apple pricepoints, something makes no sense.

Posted:
in Current Mac Hardware edited January 2014
Talk about extreme. For those who do not want all in one units



1. Mac Mini 499, G4 1.25,40mb drive and 256M of memory



2. Mac G5 1.8GHZ,80GB drive, 256M of memory and an old 5200 64mb videocard for only 1499 (no monitor included)





1499 gets you a dell with 1GB of ram, 3GHZ current gen P4, 160GB FDD, 256MB 6800 PCIe nvidia(video etc) and a 19inch flat monitor.



I love OSX and my Mini but the G5 is a real tough sell for what you get, the Mini is an easy sell but Apple needs to drop those margins just a wee bit. The CPU does not bother me but it just seems Apple really skimps on the other items (ie videocard, memory etc..)

Comments

  • Reply 1 of 9
    chopper3chopper3 Posts: 293member
    Quote:

    Originally posted by hugodrax

    Talk about extreme. For those who do not want all in one units



    1. Mac Mini 499, G4 1.25,40mb drive and 256M of memory



    2. Mac G5 1.8GHZ,80GB drive, 256M of memory and an old 5200 64mb videocard for only 1499 (no monitor included)





    1499 gets you a dell with 1GB of ram, 3GHZ current gen P4, 160GB FDD, 256MB 6800 PCIe nvidia(video etc) and a 19inch flat monitor.



    I love OSX and my Mini but the G5 is a real tough sell for what you get, the Mini is an easy sell but Apple needs to drop those margins just a wee bit. The CPU does not bother me but it just seems Apple really skimps on the other items (ie videocard, memory etc..)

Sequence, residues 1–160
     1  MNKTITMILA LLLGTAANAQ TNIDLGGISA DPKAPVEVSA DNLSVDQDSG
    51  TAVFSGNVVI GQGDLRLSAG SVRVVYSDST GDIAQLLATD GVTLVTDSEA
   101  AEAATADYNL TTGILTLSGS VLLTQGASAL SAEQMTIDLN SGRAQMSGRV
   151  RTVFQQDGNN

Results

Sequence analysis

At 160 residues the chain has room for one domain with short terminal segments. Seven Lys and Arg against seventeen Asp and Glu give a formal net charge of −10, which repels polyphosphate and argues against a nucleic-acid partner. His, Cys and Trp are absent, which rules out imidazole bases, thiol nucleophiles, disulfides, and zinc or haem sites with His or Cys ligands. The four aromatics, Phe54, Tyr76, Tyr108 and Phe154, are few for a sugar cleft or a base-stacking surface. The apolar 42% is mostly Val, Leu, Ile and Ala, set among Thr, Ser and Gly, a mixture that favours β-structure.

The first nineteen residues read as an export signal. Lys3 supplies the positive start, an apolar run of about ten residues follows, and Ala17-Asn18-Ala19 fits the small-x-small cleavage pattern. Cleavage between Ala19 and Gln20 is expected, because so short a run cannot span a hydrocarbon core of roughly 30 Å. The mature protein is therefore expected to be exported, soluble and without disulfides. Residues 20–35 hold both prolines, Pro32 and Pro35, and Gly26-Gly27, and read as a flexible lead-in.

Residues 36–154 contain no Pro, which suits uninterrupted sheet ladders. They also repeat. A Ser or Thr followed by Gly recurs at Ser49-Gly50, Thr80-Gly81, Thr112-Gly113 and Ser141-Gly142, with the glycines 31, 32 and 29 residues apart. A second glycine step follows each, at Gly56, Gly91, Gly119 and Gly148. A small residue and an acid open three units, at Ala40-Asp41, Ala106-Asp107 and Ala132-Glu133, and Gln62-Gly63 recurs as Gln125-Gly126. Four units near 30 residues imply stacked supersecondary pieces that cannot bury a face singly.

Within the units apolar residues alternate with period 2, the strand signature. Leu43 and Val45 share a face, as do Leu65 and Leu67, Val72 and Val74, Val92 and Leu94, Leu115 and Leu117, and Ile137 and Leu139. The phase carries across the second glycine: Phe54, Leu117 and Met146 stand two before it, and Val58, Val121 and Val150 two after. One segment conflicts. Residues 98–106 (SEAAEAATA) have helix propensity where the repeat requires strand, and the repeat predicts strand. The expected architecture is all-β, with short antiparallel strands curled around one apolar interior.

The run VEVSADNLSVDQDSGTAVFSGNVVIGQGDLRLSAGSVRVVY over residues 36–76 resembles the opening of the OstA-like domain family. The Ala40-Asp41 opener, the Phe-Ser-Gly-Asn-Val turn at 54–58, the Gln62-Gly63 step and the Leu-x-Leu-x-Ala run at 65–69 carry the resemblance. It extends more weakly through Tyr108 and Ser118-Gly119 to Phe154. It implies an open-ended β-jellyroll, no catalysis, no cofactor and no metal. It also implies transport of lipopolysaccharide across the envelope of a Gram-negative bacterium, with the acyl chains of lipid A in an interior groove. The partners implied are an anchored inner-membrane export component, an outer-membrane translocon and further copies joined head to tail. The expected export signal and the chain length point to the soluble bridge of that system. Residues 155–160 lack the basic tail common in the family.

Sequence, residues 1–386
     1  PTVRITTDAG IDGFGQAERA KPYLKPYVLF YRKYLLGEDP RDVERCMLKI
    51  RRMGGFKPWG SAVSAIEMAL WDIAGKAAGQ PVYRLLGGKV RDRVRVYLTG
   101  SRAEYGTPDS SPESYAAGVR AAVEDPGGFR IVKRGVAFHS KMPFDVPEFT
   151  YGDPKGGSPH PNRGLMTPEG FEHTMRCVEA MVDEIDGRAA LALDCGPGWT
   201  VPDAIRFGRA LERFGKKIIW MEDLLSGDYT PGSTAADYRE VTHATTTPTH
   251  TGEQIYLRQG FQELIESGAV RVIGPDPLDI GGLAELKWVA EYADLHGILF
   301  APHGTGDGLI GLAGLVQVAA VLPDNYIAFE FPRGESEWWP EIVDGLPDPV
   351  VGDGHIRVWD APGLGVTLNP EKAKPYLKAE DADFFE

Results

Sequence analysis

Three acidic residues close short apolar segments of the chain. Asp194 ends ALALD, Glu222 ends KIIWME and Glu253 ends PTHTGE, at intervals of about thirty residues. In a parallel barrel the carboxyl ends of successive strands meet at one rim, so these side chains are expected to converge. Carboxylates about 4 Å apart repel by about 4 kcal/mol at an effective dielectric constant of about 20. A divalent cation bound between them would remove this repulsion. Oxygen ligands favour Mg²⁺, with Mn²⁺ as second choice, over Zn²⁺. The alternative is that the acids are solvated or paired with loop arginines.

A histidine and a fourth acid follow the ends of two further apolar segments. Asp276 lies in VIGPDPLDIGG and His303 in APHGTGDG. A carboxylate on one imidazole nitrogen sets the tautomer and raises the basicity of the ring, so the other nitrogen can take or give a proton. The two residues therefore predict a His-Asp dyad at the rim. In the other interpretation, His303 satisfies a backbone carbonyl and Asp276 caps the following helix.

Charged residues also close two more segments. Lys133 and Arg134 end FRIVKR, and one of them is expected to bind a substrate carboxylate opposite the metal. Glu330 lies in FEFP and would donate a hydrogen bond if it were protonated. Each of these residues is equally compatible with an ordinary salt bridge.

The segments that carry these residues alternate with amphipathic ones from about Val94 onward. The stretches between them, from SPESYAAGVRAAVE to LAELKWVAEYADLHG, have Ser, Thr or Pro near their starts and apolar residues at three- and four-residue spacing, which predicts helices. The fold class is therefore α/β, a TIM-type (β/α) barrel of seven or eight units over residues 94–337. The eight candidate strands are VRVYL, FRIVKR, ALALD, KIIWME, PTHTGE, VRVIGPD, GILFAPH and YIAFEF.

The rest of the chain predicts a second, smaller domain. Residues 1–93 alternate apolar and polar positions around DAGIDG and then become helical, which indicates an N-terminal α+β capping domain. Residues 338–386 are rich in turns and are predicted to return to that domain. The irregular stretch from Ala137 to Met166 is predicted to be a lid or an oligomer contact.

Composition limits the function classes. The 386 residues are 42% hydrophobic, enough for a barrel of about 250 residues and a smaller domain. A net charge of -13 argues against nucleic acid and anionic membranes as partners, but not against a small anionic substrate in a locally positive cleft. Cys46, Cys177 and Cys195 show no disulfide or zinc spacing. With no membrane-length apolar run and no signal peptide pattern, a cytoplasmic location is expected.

I couldn't agree with you more regarding disk and ram but the 6800 family runs too hot right now to work in an imac without the fans being on all the time, that's not a problem if you have a separate box with fans already loud-enough to cool a P4



    Perhaps the answer would be to put in a x800 as that runs a lot cooler and is broadly similar to the 6800 - then again you can't BTO an x800 into a G5 yet so that's not going to happen.
  • Reply 2 of 9
    sunilramansunilraman Posts: 8,133member
    Quote:

    Originally posted by hugodrax

    Talk about extreme. For those who do not want all in one units



    1. Mac Mini 499, G4 1.25,40mb drive and 256M of memory



    2. Mac G5 1.8GHZ,80GB drive, 256M of memory and an old 5200 64mb videocard for only 1499 (no monitor included)





    1499 gets you a dell with 1GB of ram, 3GHZ current gen P4, 160GB FDD, 256MB 6800 PCIe nvidia(video etc) and a 19inch flat monitor.



    I love OSX and my Mini but the G5 is a real tough sell for what you get, the Mini is an easy sell but Apple needs to drop those margins just a wee bit. The CPU does not bother me but it just seems Apple really skimps on the other items (ie videocard, memory etc..)




    The PowerMac g5 even single 1.8ghz is very very much faster than the G4 though, and this is the primary product-image problem Apple is having with the PowerMac line (and yeah, lower RAM and hard disk and older GPU does not help).



    Overall, you have highlighted possible perception issues which have seen PowerMac (including Xserve) unit numbers and revenue decrease compared to the previous quarter and even compared to the year-ago quarter (gonna pimp my chart again (hey it took me a while to make it!!)) ::



  • Reply 3 of 9
    hugodraxhugodrax Posts: 116member
    Well I was comparing the PowemacG5 not Imac, From looking at the chart it makes sense why PowerMac G5s sell so poorly.



    They get a perfectly good CPU and saddle it with a slow videocard, very little RAM and a small HD.



    Obviously the CASE is fine and does not need a redesign so that should save them money right there but they need to offer the consumer a little more gravy when the expect to sell a high tier model for a starting price of 1499 (sans monitor)